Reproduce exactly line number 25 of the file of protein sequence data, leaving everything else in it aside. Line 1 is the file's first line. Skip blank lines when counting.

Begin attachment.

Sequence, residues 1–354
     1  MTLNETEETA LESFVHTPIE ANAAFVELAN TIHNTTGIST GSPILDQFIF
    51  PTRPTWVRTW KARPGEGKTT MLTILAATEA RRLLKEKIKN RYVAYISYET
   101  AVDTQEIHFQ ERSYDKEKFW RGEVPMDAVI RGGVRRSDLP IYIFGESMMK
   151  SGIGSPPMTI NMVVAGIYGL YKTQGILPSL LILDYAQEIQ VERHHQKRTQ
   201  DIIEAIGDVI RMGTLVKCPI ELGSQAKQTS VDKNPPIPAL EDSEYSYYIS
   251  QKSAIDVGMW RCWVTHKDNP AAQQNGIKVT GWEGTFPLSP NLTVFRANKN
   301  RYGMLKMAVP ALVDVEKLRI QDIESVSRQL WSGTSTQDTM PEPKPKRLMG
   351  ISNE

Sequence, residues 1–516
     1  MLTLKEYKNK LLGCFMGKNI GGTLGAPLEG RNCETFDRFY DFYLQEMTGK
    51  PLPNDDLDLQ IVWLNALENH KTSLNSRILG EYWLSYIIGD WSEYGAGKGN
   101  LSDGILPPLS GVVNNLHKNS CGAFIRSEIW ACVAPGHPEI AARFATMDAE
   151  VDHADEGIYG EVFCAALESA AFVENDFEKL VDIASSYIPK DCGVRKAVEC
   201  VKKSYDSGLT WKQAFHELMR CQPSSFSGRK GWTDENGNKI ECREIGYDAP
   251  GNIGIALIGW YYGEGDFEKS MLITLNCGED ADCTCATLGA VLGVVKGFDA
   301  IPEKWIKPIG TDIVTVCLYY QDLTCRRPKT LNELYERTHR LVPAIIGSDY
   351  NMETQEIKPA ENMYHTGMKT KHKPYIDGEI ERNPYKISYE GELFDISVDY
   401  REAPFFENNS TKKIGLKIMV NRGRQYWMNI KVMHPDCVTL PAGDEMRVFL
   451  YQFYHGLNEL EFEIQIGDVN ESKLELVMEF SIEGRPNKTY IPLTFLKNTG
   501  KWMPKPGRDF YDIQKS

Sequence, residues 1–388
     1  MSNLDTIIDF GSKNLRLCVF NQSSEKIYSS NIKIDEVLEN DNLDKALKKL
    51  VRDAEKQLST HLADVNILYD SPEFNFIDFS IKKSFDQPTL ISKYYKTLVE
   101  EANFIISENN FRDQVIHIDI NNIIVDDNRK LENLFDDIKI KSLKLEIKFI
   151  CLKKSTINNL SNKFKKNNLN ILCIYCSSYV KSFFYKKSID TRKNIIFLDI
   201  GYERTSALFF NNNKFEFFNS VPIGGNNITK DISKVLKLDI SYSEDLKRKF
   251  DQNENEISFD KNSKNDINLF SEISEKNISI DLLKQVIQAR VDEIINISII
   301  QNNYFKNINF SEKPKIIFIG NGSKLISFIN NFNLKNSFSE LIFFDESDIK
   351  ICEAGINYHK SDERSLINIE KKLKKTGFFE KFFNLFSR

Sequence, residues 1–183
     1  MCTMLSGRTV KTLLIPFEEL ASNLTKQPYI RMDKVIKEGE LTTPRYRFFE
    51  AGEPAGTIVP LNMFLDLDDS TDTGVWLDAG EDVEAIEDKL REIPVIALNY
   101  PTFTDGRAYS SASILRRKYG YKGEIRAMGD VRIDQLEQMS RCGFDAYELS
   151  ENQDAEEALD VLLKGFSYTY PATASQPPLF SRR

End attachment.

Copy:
   101  EANFIISENN FRDQVIHIDI NNIIVDDNRK LENLFDDIKI KSLKLEIKFI